Mayor Peter Carlisle delivered his first State of the City address last week and unveiled his budget this week.
Judging from some of his remarks, it seems he wants to build upon what former Mayor Mufi Hannemann did to emphasize basic services and public safety, fix neglected infrastructure and improve the city’s finances.
Mayor Carlisle referenced a $100 million budgetary shortfall for the upcoming fiscal year that was a very preliminary number based on conservative estimates of declining property values and the elimination of furloughs.
Foreseeing the fiscal challenges that would continue to plague the city in the coming years, Hannemann instituted a hiring freeze and restrictions on operating expenditures back in July 2009. As a result, fiscal year 2010 ended with a carryover savings in excess of $100 million more than was budgeted.
Fortunately for Carlisle, that savings covered much of the anticipated budget deficit for FY 2012.
Hannemann always maintained that his objective was to leave the city better than it was when he arrived in 2005.
I believe that he did.
Actions taken by his administration set a strong foundation for the city’s ability to plan for its future.
For example, the wastewater system consent decree was significant. As Mayor Carlisle pointed out, for the first time in 17 years the city’s wastewater program does not have an environmental lawsuit hanging over its head.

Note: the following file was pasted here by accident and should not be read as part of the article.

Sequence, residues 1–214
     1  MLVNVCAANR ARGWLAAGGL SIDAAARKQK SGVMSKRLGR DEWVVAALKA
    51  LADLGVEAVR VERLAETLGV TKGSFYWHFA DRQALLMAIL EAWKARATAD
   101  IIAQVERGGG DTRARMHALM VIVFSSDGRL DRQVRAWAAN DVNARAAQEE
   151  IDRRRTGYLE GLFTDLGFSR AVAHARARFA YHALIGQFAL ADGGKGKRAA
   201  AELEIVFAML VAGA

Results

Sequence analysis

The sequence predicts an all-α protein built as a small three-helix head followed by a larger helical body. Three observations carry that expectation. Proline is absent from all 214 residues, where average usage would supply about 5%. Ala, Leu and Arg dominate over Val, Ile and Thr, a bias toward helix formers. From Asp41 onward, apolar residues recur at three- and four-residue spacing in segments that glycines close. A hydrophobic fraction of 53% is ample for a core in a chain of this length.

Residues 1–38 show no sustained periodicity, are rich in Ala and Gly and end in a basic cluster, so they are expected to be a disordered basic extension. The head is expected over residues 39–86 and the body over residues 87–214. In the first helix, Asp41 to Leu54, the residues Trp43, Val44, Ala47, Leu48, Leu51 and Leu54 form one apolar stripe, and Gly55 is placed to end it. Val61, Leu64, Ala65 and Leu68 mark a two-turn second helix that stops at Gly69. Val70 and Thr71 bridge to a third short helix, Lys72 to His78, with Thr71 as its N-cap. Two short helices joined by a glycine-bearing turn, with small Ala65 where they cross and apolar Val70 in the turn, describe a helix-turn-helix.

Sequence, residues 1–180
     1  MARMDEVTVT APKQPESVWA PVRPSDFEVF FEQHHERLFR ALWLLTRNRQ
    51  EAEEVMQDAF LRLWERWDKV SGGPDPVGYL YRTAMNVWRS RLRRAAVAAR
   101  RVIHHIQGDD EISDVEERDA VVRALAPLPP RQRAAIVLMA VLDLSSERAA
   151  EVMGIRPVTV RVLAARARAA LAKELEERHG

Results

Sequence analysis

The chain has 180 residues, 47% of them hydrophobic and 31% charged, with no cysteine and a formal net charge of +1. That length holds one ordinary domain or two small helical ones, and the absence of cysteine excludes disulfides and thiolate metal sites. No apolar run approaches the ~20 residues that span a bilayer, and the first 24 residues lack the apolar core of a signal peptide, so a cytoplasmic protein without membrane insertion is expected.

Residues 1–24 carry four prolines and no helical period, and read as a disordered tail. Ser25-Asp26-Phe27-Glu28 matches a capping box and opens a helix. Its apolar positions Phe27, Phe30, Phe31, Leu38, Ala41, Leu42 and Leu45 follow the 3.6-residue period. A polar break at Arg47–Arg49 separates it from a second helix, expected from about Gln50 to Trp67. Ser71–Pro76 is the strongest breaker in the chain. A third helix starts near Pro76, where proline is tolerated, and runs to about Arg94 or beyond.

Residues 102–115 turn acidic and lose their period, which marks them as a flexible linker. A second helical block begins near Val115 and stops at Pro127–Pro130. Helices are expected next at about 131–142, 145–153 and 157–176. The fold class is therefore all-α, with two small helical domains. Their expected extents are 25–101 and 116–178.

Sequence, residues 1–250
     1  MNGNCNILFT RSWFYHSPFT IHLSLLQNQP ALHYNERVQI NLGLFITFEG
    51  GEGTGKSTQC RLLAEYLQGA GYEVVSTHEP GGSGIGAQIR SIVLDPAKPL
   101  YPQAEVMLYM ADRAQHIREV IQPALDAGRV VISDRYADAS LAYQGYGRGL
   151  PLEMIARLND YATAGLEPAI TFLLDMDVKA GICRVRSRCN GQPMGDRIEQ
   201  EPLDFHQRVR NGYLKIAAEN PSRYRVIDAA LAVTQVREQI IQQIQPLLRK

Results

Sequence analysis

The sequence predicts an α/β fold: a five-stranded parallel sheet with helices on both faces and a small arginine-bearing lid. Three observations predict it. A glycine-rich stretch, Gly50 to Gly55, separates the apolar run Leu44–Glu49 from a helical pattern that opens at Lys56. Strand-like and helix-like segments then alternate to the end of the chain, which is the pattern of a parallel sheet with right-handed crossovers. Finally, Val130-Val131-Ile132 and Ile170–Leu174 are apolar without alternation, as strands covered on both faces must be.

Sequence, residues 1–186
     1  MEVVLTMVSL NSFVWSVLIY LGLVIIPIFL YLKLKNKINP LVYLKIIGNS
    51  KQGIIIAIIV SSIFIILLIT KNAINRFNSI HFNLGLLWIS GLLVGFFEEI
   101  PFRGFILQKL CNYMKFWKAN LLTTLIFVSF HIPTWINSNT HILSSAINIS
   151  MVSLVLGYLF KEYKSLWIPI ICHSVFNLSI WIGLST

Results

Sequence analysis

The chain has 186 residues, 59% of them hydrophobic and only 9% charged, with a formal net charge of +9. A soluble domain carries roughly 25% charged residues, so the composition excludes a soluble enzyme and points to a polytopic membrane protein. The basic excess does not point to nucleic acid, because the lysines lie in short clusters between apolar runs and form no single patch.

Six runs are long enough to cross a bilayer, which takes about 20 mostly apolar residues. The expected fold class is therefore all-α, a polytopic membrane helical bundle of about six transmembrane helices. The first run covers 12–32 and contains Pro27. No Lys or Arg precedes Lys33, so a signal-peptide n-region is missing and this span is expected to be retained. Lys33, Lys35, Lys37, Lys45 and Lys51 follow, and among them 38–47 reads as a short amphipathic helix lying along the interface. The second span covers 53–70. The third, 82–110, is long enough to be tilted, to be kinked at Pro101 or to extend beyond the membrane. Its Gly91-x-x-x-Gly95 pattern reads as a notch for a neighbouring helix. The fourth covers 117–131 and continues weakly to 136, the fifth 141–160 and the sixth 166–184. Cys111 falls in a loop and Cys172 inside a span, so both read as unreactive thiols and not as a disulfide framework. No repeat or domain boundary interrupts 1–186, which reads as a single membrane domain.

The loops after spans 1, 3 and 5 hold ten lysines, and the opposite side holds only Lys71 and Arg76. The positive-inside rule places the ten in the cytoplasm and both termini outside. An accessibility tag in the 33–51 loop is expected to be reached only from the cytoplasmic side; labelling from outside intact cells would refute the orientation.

The Hannemann-negotiated global consent decree, Carlisle said, "will directly and cost-effectively benefit our environment and our residents for years to come."
Another case in point is the addition of the third boiler to HPOWER, which will reduce our reliance on the landfill and produce energy that will generate revenue for the city.
The city’s borrowings relative to the capital budget during the former mayor’s tenure were driven primarily by funding for rail, HPOWER and solid waste, the wastewater program and road repairs. Discretionary capital spending was kept to a minimum, and the city’s debt service never exceeded 20 percent, the maximum percentage recommended by the City Council.
The city maintained a high double-A bond rating with a stable outlook throughout the past six years and, in fact, Standard & Poor’s upgraded both the city’s general obligation bond and the wastewater system revenue bond ratings during this period.
Since becoming mayor, Carlisle has referred to Hannemann-administration initiatives as programs he himself likes and will continue: the third boiler at HPOWER, the slurry seal paving program, the computer-based work order management system, the Honolulu Zoo improvements, as well as pay cuts for himself and his appointees.
And, of course, there is the Honolulu rail transit initiative.
This was all accomplished with an outstanding team of Cabinet members and civil service employees led by the former mayor.
As Carlisle is filling the remainder of Hannemann’s term, it’s good to see the new mayor continuing along the same path.
To his credit, Carlisle has retained most of the department directors, a clear signal that the city will continue to build upon the solid foundation that has been put in place.